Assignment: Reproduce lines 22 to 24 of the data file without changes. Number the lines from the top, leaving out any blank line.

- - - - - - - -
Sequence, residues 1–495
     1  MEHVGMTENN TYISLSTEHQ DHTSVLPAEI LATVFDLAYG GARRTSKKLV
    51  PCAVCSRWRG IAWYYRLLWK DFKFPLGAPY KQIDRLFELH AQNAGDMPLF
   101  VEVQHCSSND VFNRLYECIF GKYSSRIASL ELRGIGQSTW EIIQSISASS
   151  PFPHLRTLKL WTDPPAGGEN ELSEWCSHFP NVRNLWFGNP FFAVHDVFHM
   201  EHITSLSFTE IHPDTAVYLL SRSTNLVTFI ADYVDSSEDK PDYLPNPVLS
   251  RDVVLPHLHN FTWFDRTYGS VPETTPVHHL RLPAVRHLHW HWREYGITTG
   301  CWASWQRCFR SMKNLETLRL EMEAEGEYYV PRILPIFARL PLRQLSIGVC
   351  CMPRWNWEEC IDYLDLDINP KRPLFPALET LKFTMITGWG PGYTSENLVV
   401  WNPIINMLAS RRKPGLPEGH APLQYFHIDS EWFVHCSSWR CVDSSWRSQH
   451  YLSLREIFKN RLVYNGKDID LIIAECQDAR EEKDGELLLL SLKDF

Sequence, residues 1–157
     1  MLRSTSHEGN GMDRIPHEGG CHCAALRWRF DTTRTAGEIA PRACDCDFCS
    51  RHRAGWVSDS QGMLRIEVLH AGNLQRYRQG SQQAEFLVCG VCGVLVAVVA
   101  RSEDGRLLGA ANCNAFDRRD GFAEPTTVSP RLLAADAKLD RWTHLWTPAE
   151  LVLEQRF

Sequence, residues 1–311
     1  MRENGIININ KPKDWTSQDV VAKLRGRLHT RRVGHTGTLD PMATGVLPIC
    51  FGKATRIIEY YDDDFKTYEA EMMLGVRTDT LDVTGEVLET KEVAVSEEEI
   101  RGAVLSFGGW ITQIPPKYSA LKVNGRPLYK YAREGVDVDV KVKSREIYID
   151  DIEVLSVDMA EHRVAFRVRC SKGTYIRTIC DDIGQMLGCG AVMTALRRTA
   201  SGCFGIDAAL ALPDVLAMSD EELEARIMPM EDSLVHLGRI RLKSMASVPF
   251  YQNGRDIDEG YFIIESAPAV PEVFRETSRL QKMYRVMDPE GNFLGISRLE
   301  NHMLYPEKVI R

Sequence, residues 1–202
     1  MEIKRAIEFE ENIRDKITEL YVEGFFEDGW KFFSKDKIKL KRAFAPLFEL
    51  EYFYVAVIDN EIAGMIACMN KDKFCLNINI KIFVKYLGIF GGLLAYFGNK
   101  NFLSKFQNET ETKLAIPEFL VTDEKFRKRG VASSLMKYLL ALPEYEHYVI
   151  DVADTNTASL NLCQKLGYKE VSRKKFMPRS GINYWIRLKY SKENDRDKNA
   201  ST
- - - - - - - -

   201  SGCFGIDAAL ALPDVLAMSD EELEARIMPM EDSLVHLGRI RLKSMASVPF
   251  YQNGRDIDEG YFIIESAPAV PEVFRETSRL QKMYRVMDPE GNFLGISRLE
   301  NHMLYPEKVI R